There are 19 species of macaws in the world, and these birds are among the most well recognized (worldwide) among all parrots. Dr. Sam Williams, the director of the Costa Rica based conservation group The Ara Project, works with two species of macaws, the well-known scarlet macaw and the little known great green macaw.
As Sam put it at the 2017 annual Wildlife Conservation Expo in San Francisco, the scarlet macaw is like a corvette—red, loud, and screams, “Look at me!” But the great green macaw is different in both personality and plumage. Subtle and sophisticated, like a classy Aston-Martin that only reveals its beautiful colors when it flies.
Great green macaws face many threats in their current home range, from Honduras to Colombia and into Ecuador. At one point, it could be confidently said that there were hundreds of thousands of individuals, maybe a million! Today that number has declined and only about 1,500 macaws are left.
Nearly half of the rainforest–encompassing their entire home-range–was eliminated in just a matter of decades, due to logging and agriculture. The Ara Project works to restore great green macaw numbers, though this is no easy feat.
These man-made threats continue to destroy what’s known as the primary forest—pristine, native tree species that have survived centuries without suffering the effects of human activities like logging. However, after primary forest trees have been cut down and the forest regenerates, it’s known as the secondary forest. In Costa Rica, 16 percent of the land has logged and then regrown as secondary forest. As this forest lacks the ancient trees with hollows/cavities that macaws need for nests it is unsuitable for them to live in and raise their young in.
Macaws depend on a slow growing, enormous tree called the mountain almond tree, a part of the primary forest. This massive tree is large enough that a human being could easily hide behind it’s trunk and with wood dense enough that it’s only recently been threatened by logging, no thanks to advances in saw blade technology.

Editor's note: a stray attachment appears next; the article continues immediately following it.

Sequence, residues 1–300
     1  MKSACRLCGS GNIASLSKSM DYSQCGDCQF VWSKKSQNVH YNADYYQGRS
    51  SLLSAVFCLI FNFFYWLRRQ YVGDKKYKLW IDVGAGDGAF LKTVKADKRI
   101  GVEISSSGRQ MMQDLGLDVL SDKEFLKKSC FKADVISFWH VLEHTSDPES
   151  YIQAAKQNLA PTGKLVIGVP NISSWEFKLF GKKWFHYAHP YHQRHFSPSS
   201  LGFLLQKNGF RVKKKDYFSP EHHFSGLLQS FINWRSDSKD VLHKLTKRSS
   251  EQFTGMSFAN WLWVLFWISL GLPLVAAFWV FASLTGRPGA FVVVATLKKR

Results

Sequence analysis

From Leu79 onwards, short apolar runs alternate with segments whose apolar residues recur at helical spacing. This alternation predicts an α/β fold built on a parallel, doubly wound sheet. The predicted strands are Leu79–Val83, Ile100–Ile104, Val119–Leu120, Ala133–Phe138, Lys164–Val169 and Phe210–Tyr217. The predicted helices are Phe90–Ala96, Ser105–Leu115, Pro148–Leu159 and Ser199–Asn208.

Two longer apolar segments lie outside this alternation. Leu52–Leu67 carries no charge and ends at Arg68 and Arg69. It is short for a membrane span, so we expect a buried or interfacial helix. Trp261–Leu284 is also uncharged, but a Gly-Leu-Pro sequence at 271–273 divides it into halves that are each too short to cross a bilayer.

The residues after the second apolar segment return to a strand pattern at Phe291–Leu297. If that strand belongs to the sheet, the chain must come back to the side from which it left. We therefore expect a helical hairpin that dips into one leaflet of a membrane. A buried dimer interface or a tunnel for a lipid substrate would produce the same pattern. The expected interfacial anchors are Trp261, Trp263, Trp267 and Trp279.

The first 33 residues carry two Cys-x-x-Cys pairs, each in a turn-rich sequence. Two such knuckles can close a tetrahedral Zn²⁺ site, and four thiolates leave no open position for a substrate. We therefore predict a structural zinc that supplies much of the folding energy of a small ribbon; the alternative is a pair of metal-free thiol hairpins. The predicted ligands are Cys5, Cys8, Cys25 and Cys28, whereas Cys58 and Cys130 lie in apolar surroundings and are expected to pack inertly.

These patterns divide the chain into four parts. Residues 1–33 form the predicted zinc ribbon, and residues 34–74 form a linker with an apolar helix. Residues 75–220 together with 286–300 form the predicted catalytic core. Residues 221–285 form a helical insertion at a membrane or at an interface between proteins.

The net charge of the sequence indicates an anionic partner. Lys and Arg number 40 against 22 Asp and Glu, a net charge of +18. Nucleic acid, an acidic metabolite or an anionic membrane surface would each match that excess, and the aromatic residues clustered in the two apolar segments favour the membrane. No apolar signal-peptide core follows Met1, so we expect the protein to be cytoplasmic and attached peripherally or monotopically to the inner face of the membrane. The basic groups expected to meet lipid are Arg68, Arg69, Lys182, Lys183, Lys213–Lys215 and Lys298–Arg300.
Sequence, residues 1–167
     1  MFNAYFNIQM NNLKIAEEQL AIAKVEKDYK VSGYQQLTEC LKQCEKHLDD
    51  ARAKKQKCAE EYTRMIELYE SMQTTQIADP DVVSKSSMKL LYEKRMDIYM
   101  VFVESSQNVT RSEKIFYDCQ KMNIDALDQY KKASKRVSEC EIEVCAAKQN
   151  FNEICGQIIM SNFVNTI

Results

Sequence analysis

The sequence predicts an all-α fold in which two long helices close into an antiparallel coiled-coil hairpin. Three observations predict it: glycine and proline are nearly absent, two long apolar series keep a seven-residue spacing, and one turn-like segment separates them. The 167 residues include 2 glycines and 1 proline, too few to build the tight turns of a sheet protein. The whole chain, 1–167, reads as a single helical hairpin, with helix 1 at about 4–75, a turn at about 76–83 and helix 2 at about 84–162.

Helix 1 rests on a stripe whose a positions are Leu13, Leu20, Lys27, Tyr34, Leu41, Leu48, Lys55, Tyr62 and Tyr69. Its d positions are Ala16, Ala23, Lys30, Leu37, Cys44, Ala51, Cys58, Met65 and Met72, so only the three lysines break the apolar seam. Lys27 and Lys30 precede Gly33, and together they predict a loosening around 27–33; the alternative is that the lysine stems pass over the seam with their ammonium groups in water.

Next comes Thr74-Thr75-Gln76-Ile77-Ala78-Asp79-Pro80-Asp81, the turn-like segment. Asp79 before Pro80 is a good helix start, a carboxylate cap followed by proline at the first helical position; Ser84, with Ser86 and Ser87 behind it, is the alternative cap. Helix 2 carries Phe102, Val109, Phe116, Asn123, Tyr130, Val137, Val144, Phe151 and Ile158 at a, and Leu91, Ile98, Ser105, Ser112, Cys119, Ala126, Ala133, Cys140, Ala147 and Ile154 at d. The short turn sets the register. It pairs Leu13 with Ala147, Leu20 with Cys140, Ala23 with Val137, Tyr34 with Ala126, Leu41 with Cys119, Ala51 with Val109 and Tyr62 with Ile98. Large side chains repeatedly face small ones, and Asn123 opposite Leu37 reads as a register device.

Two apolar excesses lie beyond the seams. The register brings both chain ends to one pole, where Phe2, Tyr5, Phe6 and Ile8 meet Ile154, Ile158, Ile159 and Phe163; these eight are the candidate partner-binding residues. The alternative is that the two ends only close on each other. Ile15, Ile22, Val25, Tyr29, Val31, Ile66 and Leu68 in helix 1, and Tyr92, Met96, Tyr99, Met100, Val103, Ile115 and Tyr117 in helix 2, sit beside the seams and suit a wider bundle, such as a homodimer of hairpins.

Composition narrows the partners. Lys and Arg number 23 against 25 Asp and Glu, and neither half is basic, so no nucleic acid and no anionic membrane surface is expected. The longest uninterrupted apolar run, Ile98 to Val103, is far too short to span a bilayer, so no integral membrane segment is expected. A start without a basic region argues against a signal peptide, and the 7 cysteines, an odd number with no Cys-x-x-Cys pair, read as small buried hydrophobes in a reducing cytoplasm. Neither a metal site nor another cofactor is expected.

The birds use the towering trees to keep their nests safe. 90 percent of known macaw nests in Costa Rica are in the cavities of these trees. These cavities form when a branch falls off and the wood rots back to create a hollow. Not only that, the birds also get food from the nuts and drinking water from cavities in the tree. But unfortunately, 90 percent of these trees have been cut down. The remaining 10 percent are in fragmented portions of Costa Rica.
In many places of suitable habitat for macaws, they face another threat—the illegal pet trade. Macaw chicks are taken from their families and forced to live with humans, often as the only macaw. This is torture for a highly social bird such as this.
Birds like the great green macaw are iconic, a beautiful flagship and umbrella species for the rainforest. By protecting great-green macaws in Costa Rica, we also help protect 250 mammals, 600 different bird species, and 400 different reptiles and amphibians, and a quarter of a million insects, many of which live in the rainforest.
The Ara Project knows that it is possible to save great green macaws. By working directly with the community in Costa Rica, they hope to restore the population and eliminate threats like the illegal pet trade and habitat loss. The community of Costa Rica is considered very progressive and conservation oriented, open to the outreach work and hands-on conservation being done by The Ara Project.
For just a few hundred dollars, they’re able to repair nests in trees and boost the breeding population. From there, they can monitor the chicks as they form into social groups.
They’re also able to reintroduce birds rescued from the pet trade to the wild in areas that they’ve gone extinct in the past. The Ara Project has reintroduced 47 great green macaws (and many more Scarlet macaws) to date and have plans to expand the program in the future.
Not only that, they also run a successful breeding program at their breeding center for boosting the area’s macaw population, and the program is just getting started. The breeding center houses birds that have been rescued or confiscated that are unsuitable for release into the wild. These birds can still produce chicks that can be successfully released into the wild. These chicks will eventually produce the next generation of macaws in the forest on their own.
The Ara Project’s work is going from strength to strength. However, they have plans to expand and make a larger impact to protect great green macaws. Great green macaws are found in six different countries, in many isolated populations. They hope to be able to scale up their work to connect the fragmented populations by working with macaw conservationists in every country and to find the best methods and practices for boosting their populations.
With generous public support, Dr. Sam Williams and the team at the Ara Project know that macaws will once again thrive in their natural habitats, flying high above their forest home; and they won’t stop until that happens.
Learn more about The Ara Project by visiting TheAraProject.org